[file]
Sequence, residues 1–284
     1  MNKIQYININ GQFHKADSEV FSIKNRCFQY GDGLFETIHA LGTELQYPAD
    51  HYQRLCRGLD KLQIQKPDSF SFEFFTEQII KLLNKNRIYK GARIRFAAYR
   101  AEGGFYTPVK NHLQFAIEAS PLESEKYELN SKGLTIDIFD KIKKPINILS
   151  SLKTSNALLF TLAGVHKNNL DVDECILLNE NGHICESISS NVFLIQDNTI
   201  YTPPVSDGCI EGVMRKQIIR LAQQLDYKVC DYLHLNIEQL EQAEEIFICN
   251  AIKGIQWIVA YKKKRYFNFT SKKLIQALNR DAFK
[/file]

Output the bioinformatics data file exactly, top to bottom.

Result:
Sequence, residues 1–284
     1  MNKIQYININ GQFHKADSEV FSIKNRCFQY GDGLFETIHA LGTELQYPAD
    51  HYQRLCRGLD KLQIQKPDSF SFEFFTEQII KLLNKNRIYK GARIRFAAYR
   101  AEGGFYTPVK NHLQFAIEAS PLESEKYELN SKGLTIDIFD KIKKPINILS
   151  SLKTSNALLF TLAGVHKNNL DVDECILLNE NGHICESISS NVFLIQDNTI
   201  YTPPVSDGCI EGVMRKQIIR LAQQLDYKVC DYLHLNIEQL EQAEEIFICN
   251  AIKGIQWIVA YKKKRYFNFT SKKLIQALNR DAFK